Cote d’Or. “If gold were a flavor,” Matt Kramer once wrote, “it would taste like Meursault.” Though it has no Grand Cru, the wines of Meursault are some of the most sought after in the world. For most, the name recalls white Burgundies of decadence, opulence, and style.
Stretching across nearly 1000 acres, Meursault also spans a wide range of terroir, producing taught, elegant wines (like last week’s Tillets) high on the slope, and softer, richer wines nearer the town. Today’s 2013 Meursault from the Domaine Boyer-Martenot is from the lower slopes, and draws on extremely old vines for extra concentration and depth.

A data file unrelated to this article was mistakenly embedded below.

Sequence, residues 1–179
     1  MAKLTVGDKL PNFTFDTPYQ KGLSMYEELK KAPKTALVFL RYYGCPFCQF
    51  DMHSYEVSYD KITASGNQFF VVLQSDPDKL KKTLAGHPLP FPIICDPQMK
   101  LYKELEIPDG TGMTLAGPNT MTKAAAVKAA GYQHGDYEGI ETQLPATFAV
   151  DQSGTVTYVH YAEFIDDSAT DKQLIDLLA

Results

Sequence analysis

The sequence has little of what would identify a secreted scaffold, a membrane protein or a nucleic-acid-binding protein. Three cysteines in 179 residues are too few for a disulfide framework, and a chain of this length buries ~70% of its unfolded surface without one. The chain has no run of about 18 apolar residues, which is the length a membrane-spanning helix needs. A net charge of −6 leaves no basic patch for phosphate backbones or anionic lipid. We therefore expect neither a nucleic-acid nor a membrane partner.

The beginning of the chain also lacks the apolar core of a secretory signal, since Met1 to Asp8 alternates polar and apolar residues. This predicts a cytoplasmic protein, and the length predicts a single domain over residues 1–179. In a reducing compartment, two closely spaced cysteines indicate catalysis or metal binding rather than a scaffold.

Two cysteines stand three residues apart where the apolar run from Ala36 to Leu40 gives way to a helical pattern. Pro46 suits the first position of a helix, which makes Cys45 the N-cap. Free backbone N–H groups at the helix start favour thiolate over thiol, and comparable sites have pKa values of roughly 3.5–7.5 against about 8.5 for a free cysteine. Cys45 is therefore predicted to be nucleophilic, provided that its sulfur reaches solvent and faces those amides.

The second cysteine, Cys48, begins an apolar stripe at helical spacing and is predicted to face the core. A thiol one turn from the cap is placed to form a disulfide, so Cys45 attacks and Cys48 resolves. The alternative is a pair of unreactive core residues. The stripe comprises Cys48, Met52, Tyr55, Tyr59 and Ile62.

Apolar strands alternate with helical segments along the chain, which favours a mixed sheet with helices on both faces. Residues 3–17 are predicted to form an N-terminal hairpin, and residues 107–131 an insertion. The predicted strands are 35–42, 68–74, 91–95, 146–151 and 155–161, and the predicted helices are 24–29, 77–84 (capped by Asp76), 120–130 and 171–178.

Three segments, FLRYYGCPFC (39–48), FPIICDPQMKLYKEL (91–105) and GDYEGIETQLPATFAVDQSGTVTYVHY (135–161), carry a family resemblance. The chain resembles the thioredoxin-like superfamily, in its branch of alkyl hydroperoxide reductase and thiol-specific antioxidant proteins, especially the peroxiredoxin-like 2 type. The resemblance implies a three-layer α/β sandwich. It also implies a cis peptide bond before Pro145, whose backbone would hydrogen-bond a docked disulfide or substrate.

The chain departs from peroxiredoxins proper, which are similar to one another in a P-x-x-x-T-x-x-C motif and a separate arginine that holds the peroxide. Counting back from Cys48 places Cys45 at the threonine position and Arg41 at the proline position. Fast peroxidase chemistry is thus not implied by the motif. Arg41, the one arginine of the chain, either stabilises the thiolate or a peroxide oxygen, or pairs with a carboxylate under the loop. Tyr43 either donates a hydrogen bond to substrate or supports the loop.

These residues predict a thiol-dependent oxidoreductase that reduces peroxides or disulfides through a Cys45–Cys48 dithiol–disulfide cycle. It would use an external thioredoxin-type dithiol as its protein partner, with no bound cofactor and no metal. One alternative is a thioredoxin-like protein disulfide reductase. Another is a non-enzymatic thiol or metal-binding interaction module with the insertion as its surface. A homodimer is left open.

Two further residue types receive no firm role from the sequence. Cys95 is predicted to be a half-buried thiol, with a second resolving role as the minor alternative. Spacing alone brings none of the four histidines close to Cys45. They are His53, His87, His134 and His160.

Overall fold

90 Years Old. Planted in 1924 by Vincent Boyer’s great grandmother Lucie, the “Ormeau” vineyard is named for the elm trees that once shared the clay-rich ground. This is classic, mouthfilling Meursault – showing peaches and citrus, with licorice and a faint nuttiness in the nose. All of Boyer’s wines are rich, elegant, and complex, but “Ormeau” is among the most classically Meursault in the lineup.
Boyer’s suggests any fish in a lemon butter sauce, and we heartily agree with his suggestion. Last week we served the 2013 Ormeau en famille with Thomas Keller’s roasted monkfish, and the match was delicious. This is a concentrated, wintertime white Burgundy, perfect for a chilly afternoon, a crackling fireplace, and a glittering Christmas tree.
BOYER-MARTENOT Meursault “Ormeau” 2013
Ansonia Retail: $56
case, half-case: $49/bot
AVAILABLE IN 6- AND 12- BOTTLE LOTS
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